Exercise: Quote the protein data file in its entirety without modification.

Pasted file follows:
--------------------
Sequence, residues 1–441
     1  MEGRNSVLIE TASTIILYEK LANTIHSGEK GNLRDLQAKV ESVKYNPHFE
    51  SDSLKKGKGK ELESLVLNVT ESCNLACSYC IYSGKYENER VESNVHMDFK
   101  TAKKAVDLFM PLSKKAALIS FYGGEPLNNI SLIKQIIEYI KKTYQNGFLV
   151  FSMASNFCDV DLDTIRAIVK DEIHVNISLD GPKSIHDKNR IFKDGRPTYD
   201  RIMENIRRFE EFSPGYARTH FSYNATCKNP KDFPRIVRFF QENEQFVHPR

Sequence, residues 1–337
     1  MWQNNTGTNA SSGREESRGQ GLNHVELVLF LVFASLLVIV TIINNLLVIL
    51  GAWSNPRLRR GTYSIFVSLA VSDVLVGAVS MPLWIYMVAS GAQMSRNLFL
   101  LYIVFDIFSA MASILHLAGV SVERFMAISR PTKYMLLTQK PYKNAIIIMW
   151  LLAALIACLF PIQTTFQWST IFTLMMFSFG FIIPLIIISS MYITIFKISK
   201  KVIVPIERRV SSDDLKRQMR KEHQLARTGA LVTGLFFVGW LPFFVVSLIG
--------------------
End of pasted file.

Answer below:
Sequence, residues 1–441
     1  MEGRNSVLIE TASTIILYEK LANTIHSGEK GNLRDLQAKV ESVKYNPHFE
    51  SDSLKKGKGK ELESLVLNVT ESCNLACSYC IYSGKYENER VESNVHMDFK
   101  TAKKAVDLFM PLSKKAALIS FYGGEPLNNI SLIKQIIEYI KKTYQNGFLV
   151  FSMASNFCDV DLDTIRAIVK DEIHVNISLD GPKSIHDKNR IFKDGRPTYD
   201  RIMENIRRFE EFSPGYARTH FSYNATCKNP KDFPRIVRFF QENEQFVHPR

Sequence, residues 1–337
     1  MWQNNTGTNA SSGREESRGQ GLNHVELVLF LVFASLLVIV TIINNLLVIL
    51  GAWSNPRLRR GTYSIFVSLA VSDVLVGAVS MPLWIYMVAS GAQMSRNLFL
   101  LYIVFDIFSA MASILHLAGV SVERFMAISR PTKYMLLTQK PYKNAIIIMW
   151  LLAALIACLF PIQTTFQWST IFTLMMFSFG FIIPLIIISS MYITIFKISK
   201  KVIVPIERRV SSDDLKRQMR KEHQLARTGA LVTGLFFVGW LPFFVVSLIG